Saturday, October 15, 2011

Leaving Iowa filled with humor and heart

by Sharon Falduto

Washington - The family road trip is a situation easily mined for a story, for nostalgia, and for humor. Even in the modern era, families still pack the car for trips around the country and forced family bonding.

Leaving Iowa, presented by the Washington Community Theater, is a nice play. Gentle humor, gentle people, and slight self deprecating jabs at Iowa that should make every Iowan smile. We are warned before the play begins that we are not allowed to video tape, take photos, or detassel during the performance.

Don is the main character of the show, the prodigal son who returns home to visit family, and to fulfill a promise to his father. The play is told in a series of flashbacks to the family vacations of their youth; interminable car rides with the sibling squabbles and wrong turns that anyone who has ever taken a road trip will recognize. He is played by affable Steven Lockard, who transitions seamlessly from annoyed older brother to a grown man on an “adventure” and back again. His reactions to his annoying little sister feel true, and his weariness as he completes the task set before him as an older man shows in the slump of his shoulders.

Dad, played in the flashbacks by Brett Pierson, is the center of the story and carries himself energetically and with enthusiasm as he treats his family to Civil War reenactments, historical markers, and other Fascinating Road Trip Wonders. He is a quiet presence on stage when his character is no longer with us, and a bubbly center when he is.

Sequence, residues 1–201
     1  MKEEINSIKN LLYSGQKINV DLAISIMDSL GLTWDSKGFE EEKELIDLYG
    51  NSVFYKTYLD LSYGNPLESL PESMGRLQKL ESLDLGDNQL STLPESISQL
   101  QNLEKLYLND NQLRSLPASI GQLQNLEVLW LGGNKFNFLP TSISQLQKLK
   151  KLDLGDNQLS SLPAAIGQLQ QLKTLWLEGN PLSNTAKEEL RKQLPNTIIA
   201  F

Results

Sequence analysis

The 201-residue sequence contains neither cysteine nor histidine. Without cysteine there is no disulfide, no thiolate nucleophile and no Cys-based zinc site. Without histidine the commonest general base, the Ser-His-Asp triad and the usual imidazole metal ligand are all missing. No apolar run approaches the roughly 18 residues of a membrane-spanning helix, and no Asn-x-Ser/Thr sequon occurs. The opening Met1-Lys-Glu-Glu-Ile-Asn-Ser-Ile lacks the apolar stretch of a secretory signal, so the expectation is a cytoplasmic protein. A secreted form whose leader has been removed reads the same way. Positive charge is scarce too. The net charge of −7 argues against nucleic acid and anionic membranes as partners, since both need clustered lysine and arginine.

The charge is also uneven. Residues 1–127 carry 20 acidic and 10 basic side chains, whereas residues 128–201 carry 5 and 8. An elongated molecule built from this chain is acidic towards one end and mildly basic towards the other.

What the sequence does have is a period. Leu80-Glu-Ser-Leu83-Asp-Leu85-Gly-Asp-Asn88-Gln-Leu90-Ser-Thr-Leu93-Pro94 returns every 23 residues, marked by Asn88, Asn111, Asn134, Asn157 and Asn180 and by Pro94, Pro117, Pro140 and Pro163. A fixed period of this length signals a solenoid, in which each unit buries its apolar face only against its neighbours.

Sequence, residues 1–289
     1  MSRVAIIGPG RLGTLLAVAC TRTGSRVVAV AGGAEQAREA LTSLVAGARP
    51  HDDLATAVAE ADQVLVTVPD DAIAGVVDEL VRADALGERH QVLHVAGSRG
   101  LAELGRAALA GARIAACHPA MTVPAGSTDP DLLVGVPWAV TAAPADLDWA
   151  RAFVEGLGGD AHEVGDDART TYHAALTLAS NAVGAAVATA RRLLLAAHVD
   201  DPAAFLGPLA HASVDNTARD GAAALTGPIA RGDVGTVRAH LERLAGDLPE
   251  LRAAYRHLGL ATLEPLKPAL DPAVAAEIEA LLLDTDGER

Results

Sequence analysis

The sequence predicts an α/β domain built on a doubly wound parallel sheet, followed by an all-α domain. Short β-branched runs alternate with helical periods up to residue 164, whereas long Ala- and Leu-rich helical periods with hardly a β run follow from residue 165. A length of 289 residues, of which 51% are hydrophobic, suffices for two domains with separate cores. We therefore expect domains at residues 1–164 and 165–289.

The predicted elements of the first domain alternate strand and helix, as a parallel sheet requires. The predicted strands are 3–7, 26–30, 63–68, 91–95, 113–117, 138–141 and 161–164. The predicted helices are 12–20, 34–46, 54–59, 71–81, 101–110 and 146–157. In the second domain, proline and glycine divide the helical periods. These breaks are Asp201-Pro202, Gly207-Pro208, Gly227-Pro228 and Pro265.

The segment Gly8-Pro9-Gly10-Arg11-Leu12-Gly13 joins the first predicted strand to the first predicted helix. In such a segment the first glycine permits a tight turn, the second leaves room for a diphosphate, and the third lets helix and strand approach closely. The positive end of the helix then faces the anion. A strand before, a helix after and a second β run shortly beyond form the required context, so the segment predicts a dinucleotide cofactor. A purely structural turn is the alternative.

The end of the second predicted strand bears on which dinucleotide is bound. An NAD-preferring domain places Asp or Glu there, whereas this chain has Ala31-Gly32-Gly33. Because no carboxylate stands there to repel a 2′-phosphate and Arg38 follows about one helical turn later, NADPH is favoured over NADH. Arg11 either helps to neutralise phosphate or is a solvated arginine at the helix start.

Melody Lockard's Mom character is alternately annoyed, patient, and balancing precariously in between—a mom we can all relate to. Melanie Jeter-Hawkins retains a nice sense of character as she shifts from the role of pesty younger sister to the adult role of irritating younger sister. I didn't quite feel the chemistry I wanted, however, between her and her brother.

The show suffered from some pacing problems and dragged occasionally, forcing the audience to wait too long for the punch line of a long tale.

The incidental characters that drifted through the play were used to nice effect; their sight gags and characters were sometimes unexpected and sometimes familiar. After all, a play called Leaving Iowa is almost required to have at least one farmer in Osh Kosh B'Goshs and one homage to “American Gothic,” isn't it? My particular favorite character was Sue Spencer's Museum Assistant, the sort of stern usherette type every theatergoer has encountered at least once.

Leaving Iowa is an Iowan kind of show; not flashy, but droll, and with a good heart. Before the show begins we are treated to a slide show of some wonderful Iowa scenery, which is a nice introduction to the state and to the show. The message of the play, which will resonate with many Iowa Theatre Blog readers, is that you can leave Iowa, but it will still be your home.

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